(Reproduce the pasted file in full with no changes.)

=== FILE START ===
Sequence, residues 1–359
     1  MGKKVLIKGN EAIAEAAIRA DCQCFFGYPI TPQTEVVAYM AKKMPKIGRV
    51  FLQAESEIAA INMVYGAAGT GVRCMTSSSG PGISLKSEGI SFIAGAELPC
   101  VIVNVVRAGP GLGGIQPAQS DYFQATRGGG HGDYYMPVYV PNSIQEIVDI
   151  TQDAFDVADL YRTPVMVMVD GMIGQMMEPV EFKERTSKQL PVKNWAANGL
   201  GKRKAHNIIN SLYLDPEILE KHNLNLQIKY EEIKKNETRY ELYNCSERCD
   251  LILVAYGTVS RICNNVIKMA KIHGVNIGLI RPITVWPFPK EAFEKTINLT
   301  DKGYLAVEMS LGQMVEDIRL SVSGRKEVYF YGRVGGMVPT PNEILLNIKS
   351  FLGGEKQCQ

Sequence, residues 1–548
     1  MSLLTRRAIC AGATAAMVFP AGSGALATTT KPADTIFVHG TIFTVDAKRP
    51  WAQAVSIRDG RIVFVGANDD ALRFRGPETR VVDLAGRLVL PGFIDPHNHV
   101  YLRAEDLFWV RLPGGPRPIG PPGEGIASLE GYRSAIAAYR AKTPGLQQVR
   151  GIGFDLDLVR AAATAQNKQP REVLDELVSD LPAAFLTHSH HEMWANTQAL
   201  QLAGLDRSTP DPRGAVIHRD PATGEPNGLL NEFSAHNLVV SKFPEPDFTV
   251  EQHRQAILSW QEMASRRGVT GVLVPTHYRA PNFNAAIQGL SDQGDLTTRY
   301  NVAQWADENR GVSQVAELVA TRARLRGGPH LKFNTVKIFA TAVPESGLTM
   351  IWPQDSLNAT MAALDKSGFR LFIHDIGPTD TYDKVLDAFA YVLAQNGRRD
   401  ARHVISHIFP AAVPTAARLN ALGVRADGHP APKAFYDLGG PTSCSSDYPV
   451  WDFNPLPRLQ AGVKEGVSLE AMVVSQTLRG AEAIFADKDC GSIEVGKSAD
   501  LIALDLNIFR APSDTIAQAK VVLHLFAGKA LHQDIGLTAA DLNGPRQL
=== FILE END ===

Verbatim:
Sequence, residues 1–359
     1  MGKKVLIKGN EAIAEAAIRA DCQCFFGYPI TPQTEVVAYM AKKMPKIGRV
    51  FLQAESEIAA INMVYGAAGT GVRCMTSSSG PGISLKSEGI SFIAGAELPC
   101  VIVNVVRAGP GLGGIQPAQS DYFQATRGGG HGDYYMPVYV PNSIQEIVDI
   151  TQDAFDVADL YRTPVMVMVD GMIGQMMEPV EFKERTSKQL PVKNWAANGL
   201  GKRKAHNIIN SLYLDPEILE KHNLNLQIKY EEIKKNETRY ELYNCSERCD
   251  LILVAYGTVS RICNNVIKMA KIHGVNIGLI RPITVWPFPK EAFEKTINLT
   301  DKGYLAVEMS LGQMVEDIRL SVSGRKEVYF YGRVGGMVPT PNEILLNIKS
   351  FLGGEKQCQ

Sequence, residues 1–548
     1  MSLLTRRAIC AGATAAMVFP AGSGALATTT KPADTIFVHG TIFTVDAKRP
    51  WAQAVSIRDG RIVFVGANDD ALRFRGPETR VVDLAGRLVL PGFIDPHNHV
   101  YLRAEDLFWV RLPGGPRPIG PPGEGIASLE GYRSAIAAYR AKTPGLQQVR
   151  GIGFDLDLVR AAATAQNKQP REVLDELVSD LPAAFLTHSH HEMWANTQAL
   201  QLAGLDRSTP DPRGAVIHRD PATGEPNGLL NEFSAHNLVV SKFPEPDFTV
   251  EQHRQAILSW QEMASRRGVT GVLVPTHYRA PNFNAAIQGL SDQGDLTTRY
   301  NVAQWADENR GVSQVAELVA TRARLRGGPH LKFNTVKIFA TAVPESGLTM
   351  IWPQDSLNAT MAALDKSGFR LFIHDIGPTD TYDKVLDAFA YVLAQNGRRD
   401  ARHVISHIFP AAVPTAARLN ALGVRADGHP APKAFYDLGG PTSCSSDYPV
   451  WDFNPLPRLQ AGVKEGVSLE AMVVSQTLRG AEAIFADKDC GSIEVGKSAD
   501  LIALDLNIFR APSDTIAQAK VVLHLFAGKA LHQDIGLTAA DLNGPRQL